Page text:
KINSHASA, Democratic Republic Of The Congo — Just months after the completion of the foundations of the Bahá’í House of Worship in the Democratic Republic of the Congo (DRC), striking structural elements that make up the lower portion of the central edifice are coming into view.
The rapid progress being made on the construction of the temple has gone hand in hand with greater action aimed at the material and spiritual progress of society.
“The House of Worship is appearing before our very eyes” says Lavoisier Mutombo Tshiongo, the secretary of the country’s Bahá’í National Spiritual Assembly.
He continues: “At the same time, we are seeing an intensification of action inspired by what the temple represents. Everything is increasing, from devotional gatherings, educational efforts, and other initiatives taken by families and youth, such as cleaning rivers and water sources, to formal activities in the areas of food security and agriculture, education, health and empowerment of women.”
Mr. Tshiongo attributes the increasing pace of activity to a growing appreciation of the relationship between worship of God and service to humanity that is being cultivated through conversations about the national House of Worship, which is situated on the outskirts of Kinshasa.
Anis, a youth from the Bahá’í community of Lubumbashi, reflects on the relationship between service and worship, stating: “When people visit the House of Worship to pray, even though it is still under construction, they leave having become more clear about the actions they wish to take, because immersing yourself in prayer and meditation creates a sense of spirituality. In those moments, we see what is important in life—to become a source of social good and be of help to our fellow citizens.”
The effects of the emerging House of Worship have been felt not only by area residents who have been able to visit the site, but also by people much further away.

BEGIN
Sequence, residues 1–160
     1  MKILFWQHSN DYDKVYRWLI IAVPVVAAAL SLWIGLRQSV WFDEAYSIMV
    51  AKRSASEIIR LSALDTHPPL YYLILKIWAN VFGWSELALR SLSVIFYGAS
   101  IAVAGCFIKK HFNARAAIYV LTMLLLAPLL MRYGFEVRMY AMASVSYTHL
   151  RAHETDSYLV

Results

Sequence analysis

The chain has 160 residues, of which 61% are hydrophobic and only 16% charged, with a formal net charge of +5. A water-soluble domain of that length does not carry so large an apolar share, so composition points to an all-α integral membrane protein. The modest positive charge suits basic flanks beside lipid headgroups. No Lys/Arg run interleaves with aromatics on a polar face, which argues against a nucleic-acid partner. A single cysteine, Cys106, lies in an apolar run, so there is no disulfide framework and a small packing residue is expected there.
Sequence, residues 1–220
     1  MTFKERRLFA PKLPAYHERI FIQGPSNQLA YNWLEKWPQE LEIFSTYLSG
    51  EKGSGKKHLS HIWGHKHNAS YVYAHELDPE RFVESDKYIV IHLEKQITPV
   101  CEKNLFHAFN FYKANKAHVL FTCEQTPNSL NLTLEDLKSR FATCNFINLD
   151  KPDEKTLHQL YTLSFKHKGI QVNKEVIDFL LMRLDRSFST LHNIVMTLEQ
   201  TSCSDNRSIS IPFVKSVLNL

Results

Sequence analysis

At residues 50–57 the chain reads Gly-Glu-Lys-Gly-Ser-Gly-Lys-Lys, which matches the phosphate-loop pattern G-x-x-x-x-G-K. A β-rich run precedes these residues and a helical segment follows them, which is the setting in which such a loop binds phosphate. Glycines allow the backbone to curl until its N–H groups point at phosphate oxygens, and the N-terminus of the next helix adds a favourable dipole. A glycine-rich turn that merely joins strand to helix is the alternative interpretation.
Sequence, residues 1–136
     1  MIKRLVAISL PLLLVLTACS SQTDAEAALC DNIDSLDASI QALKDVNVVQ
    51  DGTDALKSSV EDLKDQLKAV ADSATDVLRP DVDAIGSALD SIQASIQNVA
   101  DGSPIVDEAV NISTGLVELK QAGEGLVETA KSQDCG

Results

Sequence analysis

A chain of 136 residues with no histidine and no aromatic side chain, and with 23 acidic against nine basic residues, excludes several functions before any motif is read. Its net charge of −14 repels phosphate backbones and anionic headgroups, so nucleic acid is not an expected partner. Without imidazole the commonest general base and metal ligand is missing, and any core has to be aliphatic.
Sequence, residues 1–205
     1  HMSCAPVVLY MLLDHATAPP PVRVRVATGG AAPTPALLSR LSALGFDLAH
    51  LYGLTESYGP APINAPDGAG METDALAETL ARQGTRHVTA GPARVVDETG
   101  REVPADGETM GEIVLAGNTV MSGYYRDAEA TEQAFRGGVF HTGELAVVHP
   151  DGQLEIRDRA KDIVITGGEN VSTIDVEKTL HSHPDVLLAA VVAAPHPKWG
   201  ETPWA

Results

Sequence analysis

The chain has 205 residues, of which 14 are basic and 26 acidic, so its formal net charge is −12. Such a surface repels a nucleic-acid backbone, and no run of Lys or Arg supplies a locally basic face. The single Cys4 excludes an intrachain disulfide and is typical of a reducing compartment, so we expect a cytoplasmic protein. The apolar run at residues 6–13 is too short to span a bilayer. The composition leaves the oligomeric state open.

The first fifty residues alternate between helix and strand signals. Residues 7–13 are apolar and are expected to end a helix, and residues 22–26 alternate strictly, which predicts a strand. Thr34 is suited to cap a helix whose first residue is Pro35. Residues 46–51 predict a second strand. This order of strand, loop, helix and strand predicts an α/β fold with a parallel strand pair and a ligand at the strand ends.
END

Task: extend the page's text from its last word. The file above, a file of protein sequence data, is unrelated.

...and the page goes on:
Mr. Tshiongo explains that the National Spiritual Assembly has been stimulating many discussions about the House of Worship—referred to in the Bahá’í writings as a Mashriqu’l-Adhkár, meaning “Dawning-place of the Praise of God”—through a series of gatherings across the DRC, conducted in compliance with government safety measures.
Speaking at a recent gathering in Baraka, South Kivu, Chief M’muwa Lwe’ya Aolōélwa II described how Bahá’í temples call to mind memories of the lubunga—a space dedicated to prayer and discussion on community matters among village elders.
“The lubunga, which has nearly disappeared from modern life, provides space for village elders to pray to God and ask for guidance as they assist with community matters. Today, we are learning about the Mashriqu’l-Adhkár—a center where all men, women, and children can gather as one and connect with their Creator.”
Progress on the construction work is featured in the gallery of images below.
Since the temple’s foundations were completed in February, workers have been raising the concrete structural elements that make up the lower portion of the edifice and will support the steel superstructure of the dome and surrounding canopies.
The upper gallery level has been built, supported by nine struts that will also serve as staircases. The dome will be anchored at nine points around the gallery.
The struts will direct the weight of the dome outward into the foundations, leaving the entire lower floor of the temple free of support columns.
Two ring beams have been built, one above the gallery and the other above the temple’s outer wall. At the center of this image is a space in the outer wall that will be one of the nine doorways into the temple.
Last week, the innermost of the two ring beams was completed. At 8 meters above the ground, the concrete portion of the structure has now reached its full height. More than 90 percent of the concrete for the edifice has been poured, opening the way for the steel superstructure to be erected.
Work on the grounds and auxiliary structures around the temple continues. Here, gardeners plant a lawn near the rising temple.
The walls and roof of the future visitors’ center have been completed.
In-person gatherings held according to safety measures required by the government. Area residents have been visiting the site and engaging in conversations about the House of Worship and the relationship between worship of God and service to humanity.
In-person gatherings held according to safety measures required by the government. Residents of Kinshasa have been volunteering on the temple site, assisting with many aspects of the project.
In-person gatherings held according to safety measures required by the government. Gatherings across the DRC have been stimulating many discussions about the House of Worship, which stands at the heart of the community, is open to all peoples, and is a place where prayer and contemplation inspire service to society.